The big news last week was the release of data by the U.S. Department of Education showing that, as the press release stated,
Minority students across America face harsher discipline, have less access to rigorous high school curricula, and are more often taught by lower-paid and less experienced teachers, according to the U.S. Department of Education's Office for Civil Rights (OCR).
The report, part of the annual Civil Rights Data Collection (CRDC) survey, included data from 72,000 schools serving 85 percent of the nation’s students and found, among other things, that black male students “are far more likely to be suspended than their peers.” In fact, it reported, though black students make up 18 percent of the students in the sample, they accounted for 35 percent of the students suspended once and 39 percent of the students expelled.
When I read this, I yawned. It matches perfectly the statistics in my school district.
When I read this, I yawned. It matches perfectly the statistics in my school district. But just as my district pays little attention to the academic environment that these “bad” kids swim in, so too the ensuing national melee over OCR data didn’t mention curricula and teachers. Everyone wanted to talk about “discipline” practices, school “safety” and “racism.”
Wrote Jason Riley in the Wall Street Journal,
The Obama administration's sympathies are with the knuckleheads who are disrupting class, not with the kids who are trying to get an education. But is racial parity in disciplinary outcomes more important than school safety?
No mention of the knuckleheads inflicting
In part 1 of my New York City teacher evaluation commentary, I explained the judicial decision which determined that the public had a right to know how individual teachers were doing. Most tellingly, perhaps, was Judge Kern’s dismissal of the argument that flaws in the data mattered to her decision. Referring to a previous ruling by the state’s highest court, Kern said, “there is no requirement that data be reliable for it to be disclosed.”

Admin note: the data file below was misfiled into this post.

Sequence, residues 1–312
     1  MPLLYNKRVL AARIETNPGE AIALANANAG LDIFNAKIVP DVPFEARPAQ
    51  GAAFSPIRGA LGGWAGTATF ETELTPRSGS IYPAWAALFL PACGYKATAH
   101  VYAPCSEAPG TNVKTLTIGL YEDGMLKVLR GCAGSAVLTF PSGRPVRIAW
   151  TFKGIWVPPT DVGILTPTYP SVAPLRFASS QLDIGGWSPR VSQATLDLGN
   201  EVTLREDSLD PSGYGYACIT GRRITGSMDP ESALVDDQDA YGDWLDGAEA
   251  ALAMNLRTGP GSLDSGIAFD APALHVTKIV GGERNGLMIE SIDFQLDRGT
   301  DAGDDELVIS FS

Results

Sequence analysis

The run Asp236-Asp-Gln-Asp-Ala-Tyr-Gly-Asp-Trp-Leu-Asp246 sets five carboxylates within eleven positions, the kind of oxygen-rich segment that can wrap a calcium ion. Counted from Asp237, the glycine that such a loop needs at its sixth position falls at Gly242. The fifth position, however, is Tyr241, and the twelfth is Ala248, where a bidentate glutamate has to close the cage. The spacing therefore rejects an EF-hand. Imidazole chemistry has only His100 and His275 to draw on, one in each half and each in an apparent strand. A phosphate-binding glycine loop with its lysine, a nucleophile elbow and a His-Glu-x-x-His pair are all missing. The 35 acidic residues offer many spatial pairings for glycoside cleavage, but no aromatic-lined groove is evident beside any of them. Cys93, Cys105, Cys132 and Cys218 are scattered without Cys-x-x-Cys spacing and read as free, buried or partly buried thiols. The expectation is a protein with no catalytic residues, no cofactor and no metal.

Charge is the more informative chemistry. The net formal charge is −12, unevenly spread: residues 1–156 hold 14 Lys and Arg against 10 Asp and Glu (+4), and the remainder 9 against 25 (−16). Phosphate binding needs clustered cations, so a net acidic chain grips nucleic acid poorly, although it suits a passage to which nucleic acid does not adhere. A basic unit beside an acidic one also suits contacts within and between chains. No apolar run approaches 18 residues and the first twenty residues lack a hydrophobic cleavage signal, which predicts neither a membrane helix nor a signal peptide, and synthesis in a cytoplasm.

We have to do this in public, a welcome window-opening in a system of baroque halls and closets.
This means that we have to do this in public, a welcome window-opening in a system of baroque halls and closets. The New York Times, one of the media outlets that had sued to gain access to the Teacher Data Reportshan (TDR), made the data available and issued an invitation to teachers to “respond to your data report.”
In fact, surprising many, Michael Winerip, the On Education columnist for the Times and normally no friend to education reform, had it about right:
At first, when I heard that news organizations were going to publish the list, I was angry, but that has passed. Good has come of this. People have been forced to stop and think about how it would feel to be summed up as a 47, and then have the whole world told.
Winerip’s would be a near-perfect conclusion if it weren’t such a reluctant one. If only he could bring himself to provide some context: that this imperfect new system is an attempt to right a terrible
Everyone predicted that Justice Cynthia Kern’s ruling last January to allow the release of the value-added scores for New York City teachers—with the teachers’ names—would set off a firestorm when the names were released (which is what happened when Los Angeles did the same thing in 2010). And it did.